With profoundly personal lyrics telling of failed relationships, almost debilitating vices and emotional aimlessness, How Big How Blue How Beautiful is definitely an acquired taste. It’s certainly a powerful album, but it doesn’t have the instant charm of Lungs and Ceremonials. However, it makes up for that with a disarmingly honest narrative that will almost certainly help cement the record’s legacy over time.

It seems that my words then were prophetic, as “over time” I obsessively returned to it, beckoned by Welch’s manic-depressive call until I decided it’s the best I’ve heard all year.

 Best Instrumental Record of 2015: Kamasi Washington – The Epic (Brainfeeder)

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This one is not a surprise, since I mentioned it at the beginning of the article. Of stunning complexity, both in composition and delivery, The Epic is just that – an epic feat of storytelling and the new measuring stick for instrumental jazz records. Here’s what I wrote about it in my review:

The soundscape is immensely varied, an atlas of the classical and modern jazz world with stunning attention to detail and a plethora of information, though ultimately lacking in true novelty. The last statement is not really a criticism. The Epic isn’t about shaping the future of jazz with a cutting edge sound, but rather encompassing the essence of its past and present.

With talent and confidence, Washington managed to create perhaps one of the all-time great jazz records. Only time will tell!

This is it for this year! Starting next week, I will return with the regular review articles, but I’d love to hear what you think about this year’s Music and Myth Awards.

 

The 2014 Music and Myth Awards

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The 2014 Music and Myth Awards

2015 is here! With the 57th Grammy Awards fast approaching, it’s time for the yearly Music and Myth Awards (which I affectionately call the “Anti-Grammys”) For those who are just tuning in: the Music and Myth awards came to be as a result of my immense frustration with the National Academy of Recording Arts and Sciences omitting to nominate Patricia Barber’s outstanding Smash for best vocal record of 2013. I decided to start my own independent awards, coming in the form of written recognition of the world’s best vocal and instrumental records of the year. Last year, I chose Smash by Patricia Barber and Iva Bittova by the Czech musician of the same name.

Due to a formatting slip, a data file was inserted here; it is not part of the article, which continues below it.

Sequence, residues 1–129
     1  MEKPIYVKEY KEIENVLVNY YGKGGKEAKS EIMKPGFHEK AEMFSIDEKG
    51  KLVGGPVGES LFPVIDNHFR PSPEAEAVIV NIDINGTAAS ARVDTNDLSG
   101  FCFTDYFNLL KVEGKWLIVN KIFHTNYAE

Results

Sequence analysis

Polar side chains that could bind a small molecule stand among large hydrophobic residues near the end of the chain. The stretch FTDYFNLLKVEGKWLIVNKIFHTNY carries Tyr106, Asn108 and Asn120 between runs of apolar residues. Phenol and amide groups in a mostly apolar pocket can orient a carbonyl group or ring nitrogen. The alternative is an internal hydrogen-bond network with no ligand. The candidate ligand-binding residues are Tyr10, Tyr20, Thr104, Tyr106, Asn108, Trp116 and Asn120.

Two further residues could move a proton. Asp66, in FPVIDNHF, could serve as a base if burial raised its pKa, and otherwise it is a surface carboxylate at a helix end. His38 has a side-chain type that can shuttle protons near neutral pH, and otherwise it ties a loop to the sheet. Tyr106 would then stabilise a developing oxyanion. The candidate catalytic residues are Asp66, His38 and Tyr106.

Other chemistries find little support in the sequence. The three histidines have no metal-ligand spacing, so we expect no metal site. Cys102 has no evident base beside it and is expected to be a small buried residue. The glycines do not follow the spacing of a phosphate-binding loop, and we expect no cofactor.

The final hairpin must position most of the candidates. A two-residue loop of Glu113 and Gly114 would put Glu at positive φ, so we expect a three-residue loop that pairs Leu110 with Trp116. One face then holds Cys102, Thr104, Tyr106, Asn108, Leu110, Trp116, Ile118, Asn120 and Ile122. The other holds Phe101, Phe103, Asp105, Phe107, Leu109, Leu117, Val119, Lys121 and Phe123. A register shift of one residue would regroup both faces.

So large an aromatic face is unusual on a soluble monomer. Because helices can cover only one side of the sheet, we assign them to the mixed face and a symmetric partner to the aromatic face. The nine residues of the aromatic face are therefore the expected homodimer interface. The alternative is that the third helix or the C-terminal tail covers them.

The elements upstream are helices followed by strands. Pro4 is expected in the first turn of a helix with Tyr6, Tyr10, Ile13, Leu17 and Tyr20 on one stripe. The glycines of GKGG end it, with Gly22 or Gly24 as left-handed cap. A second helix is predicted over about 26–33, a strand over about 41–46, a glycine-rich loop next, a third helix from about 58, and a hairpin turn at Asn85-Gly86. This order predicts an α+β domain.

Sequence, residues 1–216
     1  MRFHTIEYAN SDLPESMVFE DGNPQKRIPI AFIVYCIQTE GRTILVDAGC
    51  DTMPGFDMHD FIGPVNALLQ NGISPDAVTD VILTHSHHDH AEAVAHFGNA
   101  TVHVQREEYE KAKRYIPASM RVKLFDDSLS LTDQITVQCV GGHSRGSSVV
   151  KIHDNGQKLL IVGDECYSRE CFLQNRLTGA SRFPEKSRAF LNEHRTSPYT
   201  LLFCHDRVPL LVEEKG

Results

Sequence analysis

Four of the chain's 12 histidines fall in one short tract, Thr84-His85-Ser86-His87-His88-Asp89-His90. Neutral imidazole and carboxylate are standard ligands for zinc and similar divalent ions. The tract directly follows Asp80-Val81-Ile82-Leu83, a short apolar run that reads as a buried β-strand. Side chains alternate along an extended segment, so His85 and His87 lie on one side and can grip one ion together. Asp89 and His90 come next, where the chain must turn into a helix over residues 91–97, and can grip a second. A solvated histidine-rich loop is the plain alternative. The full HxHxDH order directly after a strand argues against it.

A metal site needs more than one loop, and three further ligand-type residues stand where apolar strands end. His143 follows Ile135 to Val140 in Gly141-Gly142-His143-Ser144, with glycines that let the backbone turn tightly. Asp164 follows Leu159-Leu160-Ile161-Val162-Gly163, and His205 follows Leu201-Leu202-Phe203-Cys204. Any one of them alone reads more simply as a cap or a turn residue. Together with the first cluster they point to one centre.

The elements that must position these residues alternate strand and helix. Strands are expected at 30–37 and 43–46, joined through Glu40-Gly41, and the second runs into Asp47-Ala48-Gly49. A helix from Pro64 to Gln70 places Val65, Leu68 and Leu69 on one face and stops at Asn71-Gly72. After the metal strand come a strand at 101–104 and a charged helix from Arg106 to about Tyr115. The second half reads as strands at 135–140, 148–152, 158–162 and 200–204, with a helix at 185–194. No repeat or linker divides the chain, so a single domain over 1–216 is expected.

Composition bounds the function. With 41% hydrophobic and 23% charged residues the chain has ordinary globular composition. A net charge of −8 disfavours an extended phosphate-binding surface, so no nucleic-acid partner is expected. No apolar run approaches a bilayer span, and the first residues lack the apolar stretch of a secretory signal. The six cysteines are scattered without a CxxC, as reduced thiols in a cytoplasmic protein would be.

The article will be divided into two parts: in the first, I will make my Grammy predictions in the best vocal jazz record and best instrumental jazz record categories (since those are basically the only ones I care about), after a careful analysis of the ten nominated records.

Last year I correctly predicted that Gregory Porter’s Liquid Spirit would get best vocal, but I picked Gerald Clayton’s Life Forum for best instrumental, which ended up going to Terri Lyne Carrington’s Money Jungle. As such, I have a 1-1 record so far. Let’s see how my predictions fare this year.

In the second part I will announce my choices for best vocal record and best instrumental record according to The Music and Myth, along with a short explanation of exactly why I picked those particular records (justification is definitely lacking when it comes to the Grammys).

Let’s clarify some things first: Even though my website is heavily jazz-oriented, The Music and Myth Awards are not restricted to jazz. However, creative complexity and what I like to call “narrative coherence” are definitely a factor, so don’t expect to find much dubstep, punk rock or gangster rap.